Venezuela’s opposition has concluded a “popular consultation” vote to repudiate President Nicolas Maduro’s government days after boycotting a congressional election they considered fraudulent.
The consultation started virtually on Monday and ended with in-person participation on Saturday.
With 87 percent of responses reviewed, the opposition said just under 6.5 million people participated. Of those, over three million voted in person, and 2.4 million online. Close to 845,000 Venezuelans abroad took part, the opposition reported.
The turnout claim could not be verified independently.
The consultation asked Venezuelans if they want a change of government and whether they reject the results of the election, which saw the Maduro-led political alliance win more than 90 percent of the seats in the legislature. Congress was the last state institution not in the hands of the governing Socialist Party.
The Maduro government said 5.2 million Venezuelans or about 31 percent of eligible voters cast their ballots in the congressional vote.
Opposition leader Juan Guaido, the speaker of the outgoing National Assembly, and other top opposition parties had called on people to boycott that vote.
They alleged that the process was rigged to favour Maduro, a claim echoed by Western countries that have backed Guaido.
Shortly before the results of Saturday’s informal vote was announced, Guaido tweeted, “Hope has been mobilized in Venezuela.
“We must underscore a heroic people who mobilized throughout the country and the world in defense of their rights.”
‘The last resource’
Maduro has minimised the importance of the consultation, calling Guaido a “charlatan” and a “puppet” of the United States.
“No one could believe that this internet consultation has legal or constitutional value – only informational value,” Maduro said on Thursday.
Blanca Marmol, a former supreme court magistrate who helped organise the opposition’s popular consultation, told a news conference, “This is, I want to emphasise, the last resource we have in the Constitution.”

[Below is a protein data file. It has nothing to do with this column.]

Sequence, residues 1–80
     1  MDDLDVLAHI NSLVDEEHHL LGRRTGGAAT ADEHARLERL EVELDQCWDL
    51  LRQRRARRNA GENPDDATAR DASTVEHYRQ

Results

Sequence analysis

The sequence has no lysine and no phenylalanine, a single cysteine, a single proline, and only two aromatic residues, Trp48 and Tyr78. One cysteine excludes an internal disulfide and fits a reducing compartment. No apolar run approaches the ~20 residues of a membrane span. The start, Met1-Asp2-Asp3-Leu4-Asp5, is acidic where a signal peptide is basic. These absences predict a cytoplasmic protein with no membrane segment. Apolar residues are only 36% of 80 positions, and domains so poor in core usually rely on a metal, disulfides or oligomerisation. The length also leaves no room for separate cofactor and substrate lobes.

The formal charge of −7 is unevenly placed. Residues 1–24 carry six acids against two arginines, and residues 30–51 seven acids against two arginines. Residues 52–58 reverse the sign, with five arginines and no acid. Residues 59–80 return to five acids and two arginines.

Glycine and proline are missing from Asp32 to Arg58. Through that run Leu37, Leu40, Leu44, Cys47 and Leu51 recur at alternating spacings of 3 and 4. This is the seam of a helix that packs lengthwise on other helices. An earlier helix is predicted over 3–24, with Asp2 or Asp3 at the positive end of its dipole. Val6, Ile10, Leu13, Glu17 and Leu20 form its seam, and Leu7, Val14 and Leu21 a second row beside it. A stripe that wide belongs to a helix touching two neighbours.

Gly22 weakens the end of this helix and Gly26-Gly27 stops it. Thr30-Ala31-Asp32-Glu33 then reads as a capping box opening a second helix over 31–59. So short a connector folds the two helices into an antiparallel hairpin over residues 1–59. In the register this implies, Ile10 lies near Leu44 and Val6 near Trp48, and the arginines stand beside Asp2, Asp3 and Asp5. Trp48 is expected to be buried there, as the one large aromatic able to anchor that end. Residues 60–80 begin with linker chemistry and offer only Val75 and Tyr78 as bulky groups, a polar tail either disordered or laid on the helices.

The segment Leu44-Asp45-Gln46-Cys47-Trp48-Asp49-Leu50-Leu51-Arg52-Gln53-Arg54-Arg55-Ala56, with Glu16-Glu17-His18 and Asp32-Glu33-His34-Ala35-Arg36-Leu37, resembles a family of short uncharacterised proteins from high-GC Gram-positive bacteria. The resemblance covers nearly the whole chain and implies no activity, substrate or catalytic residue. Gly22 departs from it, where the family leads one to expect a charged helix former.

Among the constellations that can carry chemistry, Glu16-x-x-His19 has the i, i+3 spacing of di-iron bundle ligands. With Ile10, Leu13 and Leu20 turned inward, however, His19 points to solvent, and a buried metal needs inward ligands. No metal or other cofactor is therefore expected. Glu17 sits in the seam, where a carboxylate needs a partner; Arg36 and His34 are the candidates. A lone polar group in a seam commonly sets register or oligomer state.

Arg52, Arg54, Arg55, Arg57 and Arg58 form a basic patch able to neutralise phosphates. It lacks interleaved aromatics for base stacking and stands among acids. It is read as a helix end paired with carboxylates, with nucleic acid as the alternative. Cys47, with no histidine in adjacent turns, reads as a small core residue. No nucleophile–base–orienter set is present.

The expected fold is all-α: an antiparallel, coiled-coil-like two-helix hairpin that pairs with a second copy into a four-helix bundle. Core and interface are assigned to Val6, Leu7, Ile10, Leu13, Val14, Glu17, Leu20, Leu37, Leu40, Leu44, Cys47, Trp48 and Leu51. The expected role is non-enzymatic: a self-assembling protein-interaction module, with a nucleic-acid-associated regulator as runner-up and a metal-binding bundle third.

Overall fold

Organisers on Saturday reported incidents in 11 of Venezuela’s 24 states, with police and governing party supporters removing some opposition sites for the informal vote.
Mirla De Lorenzo, a 50-year-old bank employee who voted in the popular consultation in her Caracas neighbourhood, said she was tired of the situation “that’s brought us nothing but poverty”.
She told The Associated Press news agency that her daughter moved to Spain and her sister migrated to Chile, among relatives who have fled the country.
“You can’t compete with deceitful people, with people who use force, with people who have weapons,” she said. “There is no way.”
Marco Blanco, a 54-year-old taxi driver in the western Caracas neighborhood of Catia, said he was unaware of the vote.
“I heard something about a query, I don’t know what it is for,” he said. “I have listened, but very vague. Almost nothing.”
Risa Grais-Targow, a Venezuela analyst for the Eurasia Group, said that in addition to seeking to unite Venezuelans who do not like Maduro, the symbolic referendum was meant to send a message to international supporters.
“They’ve organised a process for their foreign partners from the US to the European Union and regional governments,” Grais-Targow told AP. “So they can continue to back him even when he’s no longer in control of the National Assembly.”
The US ambassador for Venezuela, James Story, praised the opposition’s survey from Colombia’s capital, where he has worked since the US and Venezuela broke diplomatic relations and the US closed its embassy in Caracas.
“We’re proud to see the people of Venezuela in the street voting for their right to democracy, justice, liberty,” Story tweeted. “Their voices have been heard. Democracy must return to Venezuela.”
Maduro’s governing party, meanwhile, staged a celebration in the historic center of Caracas on Saturday to mark the victories of their National Assembly candidates, including Maduro’s wife and son. Politicians gave speeches condemning the domestic opposition and US policy interference in Venezuela. Salsa music played and people danced.
A political talk show on state television Saturday night featured a segment mocking the referendum by showing mobile phone videos said to have been recorded by people who drove by survey centres in cities across the nation.
“There’s nobody, absolutely nobody,” one unidentified driver says. “Look, there’s four people standing around talking nonsense.”